Lufkin man arrested for arson while cooking meth

Jason Nash mug shot, courtesy of Angelina County Jail
Jason Nash mug shot, courtesy of Angelina County Jail

LUFKIN, TX (KTRE) - A Lufkin man is in jail for arson after allegedly causing his house to catch fire while cooking methamphetamines.

According to the arrest affidavit, Lufkin Fire Department responded to a call about a structure fire in the 300 block of Hubbard Street on April 9. When they arrived, the house was partially engulfed in flames. The firefighters were able to put out the fire and save the house.

Officials say Jason Nash, 35, of Lufkin was inside the home along with two other residents when the fire started.

According to Arson Investigator, Steve McCool, of the Lufkin Fire Department, Nash said he was inside the home making meth. Nash was mixing flammable liquids on the washing machine, and some of the liquid spilled onto the floor. Nash said the spill startled him, causing him to accidentally drop a lit cigarette out of his mouth onto the floor. The cigarette caused the liquid he spilled to catch on fire. The fire began spreading quickly, forcing Nash to escape the house through the bedroom window along with the other two residents.

Nash was booked into the Angelina County Jail for arson of a habitation-, which is a third degree felony.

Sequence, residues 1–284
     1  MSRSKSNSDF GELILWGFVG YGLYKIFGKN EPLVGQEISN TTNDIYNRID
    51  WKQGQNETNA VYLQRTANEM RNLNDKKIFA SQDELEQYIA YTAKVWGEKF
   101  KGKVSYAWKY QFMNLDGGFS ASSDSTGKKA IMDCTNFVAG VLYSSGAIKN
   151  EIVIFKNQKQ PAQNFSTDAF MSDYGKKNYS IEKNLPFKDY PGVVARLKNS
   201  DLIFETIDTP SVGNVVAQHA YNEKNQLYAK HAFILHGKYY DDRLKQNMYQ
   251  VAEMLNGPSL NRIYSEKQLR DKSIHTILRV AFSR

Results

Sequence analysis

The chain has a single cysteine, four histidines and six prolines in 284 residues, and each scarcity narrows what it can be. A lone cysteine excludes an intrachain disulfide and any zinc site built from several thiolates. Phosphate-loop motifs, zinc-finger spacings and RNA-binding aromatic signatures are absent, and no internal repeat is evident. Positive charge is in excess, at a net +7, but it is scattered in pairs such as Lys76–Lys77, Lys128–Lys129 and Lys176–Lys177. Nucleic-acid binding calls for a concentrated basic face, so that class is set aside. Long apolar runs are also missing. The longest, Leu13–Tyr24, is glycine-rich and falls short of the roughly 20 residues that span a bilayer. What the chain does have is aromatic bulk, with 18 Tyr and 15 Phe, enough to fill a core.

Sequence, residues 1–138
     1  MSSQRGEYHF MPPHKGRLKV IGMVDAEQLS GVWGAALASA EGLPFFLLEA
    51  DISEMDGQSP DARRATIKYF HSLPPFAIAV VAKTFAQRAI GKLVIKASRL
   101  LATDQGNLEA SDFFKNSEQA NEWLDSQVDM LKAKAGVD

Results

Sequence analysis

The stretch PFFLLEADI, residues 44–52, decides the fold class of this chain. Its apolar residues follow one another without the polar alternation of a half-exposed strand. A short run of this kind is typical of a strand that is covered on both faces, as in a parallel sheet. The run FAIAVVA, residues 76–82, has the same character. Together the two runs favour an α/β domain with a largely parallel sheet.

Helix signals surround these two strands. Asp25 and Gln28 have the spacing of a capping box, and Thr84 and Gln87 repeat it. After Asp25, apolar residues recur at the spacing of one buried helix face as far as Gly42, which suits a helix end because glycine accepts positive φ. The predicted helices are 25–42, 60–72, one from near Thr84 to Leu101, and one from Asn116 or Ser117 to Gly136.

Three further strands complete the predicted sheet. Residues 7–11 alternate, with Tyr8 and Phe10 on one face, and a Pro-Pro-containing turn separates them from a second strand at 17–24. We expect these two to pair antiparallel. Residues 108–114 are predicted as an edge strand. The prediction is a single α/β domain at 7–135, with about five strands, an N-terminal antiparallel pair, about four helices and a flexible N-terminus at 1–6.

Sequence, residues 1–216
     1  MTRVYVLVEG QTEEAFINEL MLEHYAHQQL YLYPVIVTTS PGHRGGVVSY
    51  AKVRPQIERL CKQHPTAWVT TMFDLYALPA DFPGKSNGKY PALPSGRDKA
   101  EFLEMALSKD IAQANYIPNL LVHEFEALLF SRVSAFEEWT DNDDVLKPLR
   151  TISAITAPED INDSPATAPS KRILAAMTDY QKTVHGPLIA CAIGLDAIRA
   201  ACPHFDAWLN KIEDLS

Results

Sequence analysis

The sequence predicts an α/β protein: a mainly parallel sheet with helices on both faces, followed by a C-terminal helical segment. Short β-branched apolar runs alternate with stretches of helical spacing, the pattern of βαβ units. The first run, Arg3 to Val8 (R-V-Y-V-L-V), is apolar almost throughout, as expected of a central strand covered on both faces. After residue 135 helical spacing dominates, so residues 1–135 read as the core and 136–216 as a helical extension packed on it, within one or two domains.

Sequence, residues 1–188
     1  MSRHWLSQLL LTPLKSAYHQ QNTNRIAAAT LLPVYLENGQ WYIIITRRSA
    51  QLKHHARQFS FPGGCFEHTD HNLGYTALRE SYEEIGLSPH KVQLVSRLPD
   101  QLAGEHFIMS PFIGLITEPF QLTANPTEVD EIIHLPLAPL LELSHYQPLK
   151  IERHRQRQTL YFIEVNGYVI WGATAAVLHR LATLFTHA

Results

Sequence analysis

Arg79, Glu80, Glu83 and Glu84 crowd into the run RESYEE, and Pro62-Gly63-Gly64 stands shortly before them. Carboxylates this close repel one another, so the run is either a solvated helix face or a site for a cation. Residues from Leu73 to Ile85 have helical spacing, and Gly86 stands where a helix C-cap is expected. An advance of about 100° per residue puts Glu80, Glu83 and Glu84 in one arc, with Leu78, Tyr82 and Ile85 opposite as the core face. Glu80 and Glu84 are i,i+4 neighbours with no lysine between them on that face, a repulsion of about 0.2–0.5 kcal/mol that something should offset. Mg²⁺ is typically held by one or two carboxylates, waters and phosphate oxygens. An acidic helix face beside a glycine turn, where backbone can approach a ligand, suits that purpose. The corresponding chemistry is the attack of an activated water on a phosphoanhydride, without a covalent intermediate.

According to McCool, cigarettes are a common way to start house fires, which can quickly turn deadly.

"It's one of the leading causes of fatalities in homes," said McCool.

Fire officials say all it takes is one cigarette to get a fire going.

"It's not only dangerous to your health because of the smoke itself or to others because of the second hand smoke, but it's a fire hazard. And, a fire can affect your entire family. You smoking in bed risks the lives of your children and anyone else in the home," said McCool.

Nearly a year ago, a large fire set the scene at Silvercreek Apartments. Destroyed homes stemmed from one cigarette that was not put out properly. In that same careless manner, several wildfires were sparked last summer.

"Last year, we had a small percentage of the fires caused by cigarettes, but it amounted to 24,706 acres," said Jan Amen, Fire Prevention Specialist for the Texas Forest Service.

With the severe drought conditions East Texas faced last year, it didn't take much for even a small fire to get out of hand.

"A forest fire can be deadly. People die in fires. Homes are destroyed completely to the ground in fires. We don't want that to happen, no matter what it's caused by. But, throwing a lit cigarette out is just stupid," said Amen.

Officials say before you throw away a cigarette, make sure the fire is completely out.

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